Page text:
T-Mobile executives said last week that they believe they'll be able to deploy some of the 600 MHz spectrum they expect to pocket during this year's auction by the end of 2017. And CFO Braxton Carter told investors today that the carrier will also have handsets ready to support those airwaves.
Some industry analysts have speculated that it may take several years before carriers can begin to deploy services on the 600 MHz airwaves that the FCC will put up for auction in the coming weeks. But T-Mobile executives think they may be able to begin to leverage that spectrum as early as 2017.
T-Mobile's first-quarter earnings topped elevated expectations, beating Wall Street estimates almost across the board. The carrier also bumped up its guidance for the rest of the year. And it shored up its financing in advance of the crucial incentive auction of 600 MHz spectrum.
Verizon's eagerness to deploy 5G is likely because the carrier is struggling to meet ever-increasing data traffic on its network, T-Mobile CFO Braxton Carter speculated Monday. And its haste could be costly in the long term, he warned.
T-Mobile believes its recent spectrum spending spree will begin to pay dividends this year.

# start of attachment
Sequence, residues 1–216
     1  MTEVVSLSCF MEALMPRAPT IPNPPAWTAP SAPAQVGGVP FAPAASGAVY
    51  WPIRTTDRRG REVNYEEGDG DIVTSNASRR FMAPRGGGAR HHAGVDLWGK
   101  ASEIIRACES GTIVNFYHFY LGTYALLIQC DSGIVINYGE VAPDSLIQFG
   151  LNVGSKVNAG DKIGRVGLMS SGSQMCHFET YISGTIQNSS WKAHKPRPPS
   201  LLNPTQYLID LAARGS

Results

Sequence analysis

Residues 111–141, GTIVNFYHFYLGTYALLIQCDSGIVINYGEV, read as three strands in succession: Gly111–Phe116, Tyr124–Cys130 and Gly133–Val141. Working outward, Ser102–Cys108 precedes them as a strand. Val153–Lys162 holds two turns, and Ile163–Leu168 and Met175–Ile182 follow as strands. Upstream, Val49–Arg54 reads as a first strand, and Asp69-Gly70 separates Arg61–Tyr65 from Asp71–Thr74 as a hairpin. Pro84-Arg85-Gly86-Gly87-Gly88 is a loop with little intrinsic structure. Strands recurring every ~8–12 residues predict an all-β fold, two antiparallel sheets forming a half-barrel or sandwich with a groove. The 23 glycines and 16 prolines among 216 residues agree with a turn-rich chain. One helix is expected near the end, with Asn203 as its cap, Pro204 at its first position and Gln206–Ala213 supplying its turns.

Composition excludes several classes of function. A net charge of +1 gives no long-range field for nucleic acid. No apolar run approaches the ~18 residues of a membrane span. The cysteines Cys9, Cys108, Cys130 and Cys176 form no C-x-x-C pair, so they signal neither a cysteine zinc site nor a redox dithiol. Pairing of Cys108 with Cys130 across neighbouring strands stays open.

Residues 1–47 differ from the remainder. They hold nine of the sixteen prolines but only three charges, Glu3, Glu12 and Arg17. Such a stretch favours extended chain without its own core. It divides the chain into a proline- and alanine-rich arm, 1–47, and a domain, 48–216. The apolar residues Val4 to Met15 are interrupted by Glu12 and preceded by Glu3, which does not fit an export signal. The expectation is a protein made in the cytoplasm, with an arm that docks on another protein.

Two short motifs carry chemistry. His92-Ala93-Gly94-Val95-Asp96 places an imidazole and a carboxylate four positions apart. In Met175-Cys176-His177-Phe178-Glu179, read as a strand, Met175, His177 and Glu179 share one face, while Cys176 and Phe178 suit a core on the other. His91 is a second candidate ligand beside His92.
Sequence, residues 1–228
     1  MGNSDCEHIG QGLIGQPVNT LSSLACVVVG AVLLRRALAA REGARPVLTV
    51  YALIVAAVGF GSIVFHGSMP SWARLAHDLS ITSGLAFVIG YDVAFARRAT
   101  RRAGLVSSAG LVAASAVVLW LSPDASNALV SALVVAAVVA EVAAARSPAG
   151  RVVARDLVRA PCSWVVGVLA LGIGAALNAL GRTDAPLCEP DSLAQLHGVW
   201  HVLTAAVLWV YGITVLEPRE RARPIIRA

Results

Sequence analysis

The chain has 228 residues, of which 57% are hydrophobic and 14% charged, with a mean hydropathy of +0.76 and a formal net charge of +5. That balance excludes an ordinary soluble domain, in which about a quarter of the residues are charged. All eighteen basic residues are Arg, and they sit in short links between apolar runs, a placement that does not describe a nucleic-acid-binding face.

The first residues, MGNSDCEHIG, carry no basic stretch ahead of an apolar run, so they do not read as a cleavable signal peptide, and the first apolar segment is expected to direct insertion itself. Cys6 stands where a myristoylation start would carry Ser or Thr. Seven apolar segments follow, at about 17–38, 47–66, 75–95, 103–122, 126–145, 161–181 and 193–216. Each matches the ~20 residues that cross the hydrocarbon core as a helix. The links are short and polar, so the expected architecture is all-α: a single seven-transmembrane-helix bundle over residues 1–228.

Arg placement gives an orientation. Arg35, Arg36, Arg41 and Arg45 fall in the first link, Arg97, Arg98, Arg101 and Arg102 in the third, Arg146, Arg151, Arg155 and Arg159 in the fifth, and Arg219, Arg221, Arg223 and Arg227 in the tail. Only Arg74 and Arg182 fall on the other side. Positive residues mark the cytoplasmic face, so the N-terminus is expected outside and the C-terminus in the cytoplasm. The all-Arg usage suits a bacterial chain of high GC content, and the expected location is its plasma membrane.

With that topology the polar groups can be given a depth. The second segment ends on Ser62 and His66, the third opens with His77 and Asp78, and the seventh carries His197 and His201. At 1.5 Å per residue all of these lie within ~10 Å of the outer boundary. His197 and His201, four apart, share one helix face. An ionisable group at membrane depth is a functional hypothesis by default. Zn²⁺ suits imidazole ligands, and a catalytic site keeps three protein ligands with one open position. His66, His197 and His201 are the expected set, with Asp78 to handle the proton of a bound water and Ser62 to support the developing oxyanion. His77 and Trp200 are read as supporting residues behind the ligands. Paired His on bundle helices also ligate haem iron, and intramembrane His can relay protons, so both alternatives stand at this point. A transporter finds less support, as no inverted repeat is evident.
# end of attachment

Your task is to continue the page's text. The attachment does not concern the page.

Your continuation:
There will be convergence between fixed broadband and wireless in the United States, and T-Mobile US could be a part of that but will have multiple options as that occurs, according to a senior executive at the carrier.
T-Mobile CFO Braxton Carter said the carrier might have as much as $10 billion it could spend on spectrum during the FCC's incentive auction of 600 MHz spectrum next year. However, he said that he doesn't think T-Mobile will need to spend that much to obtain the spectrum it wants.
T-Mobile US CEO John Legere said that the carrier's momentum on subscriber growth has continued in the third quarter, with the company besting all of the figures it posted in the second quarter. Legere also said that he thinks it's inevitable that there will be a convergence of the U.S. cable and wireless industries.
Deutsche Telekom CEO Timotheus Hoettges said the company will consider any partnership for T-Mobile US that can improve profitability at the carrier, comments that again open the door to potential M&A.
T-Mobile CFO Braxton Carter said that "a little over 50 percent" of T-Mobile's subscribers are on the carrier's family plans, and that those family plans cover an average of around 2.4 lines of service. He said the carrier sees "substantial opportunity" to sign up additional customers to T-Mobile's family plans, and he said the carrier will continue to offer "pulsed" family plan promotions in the future to do so.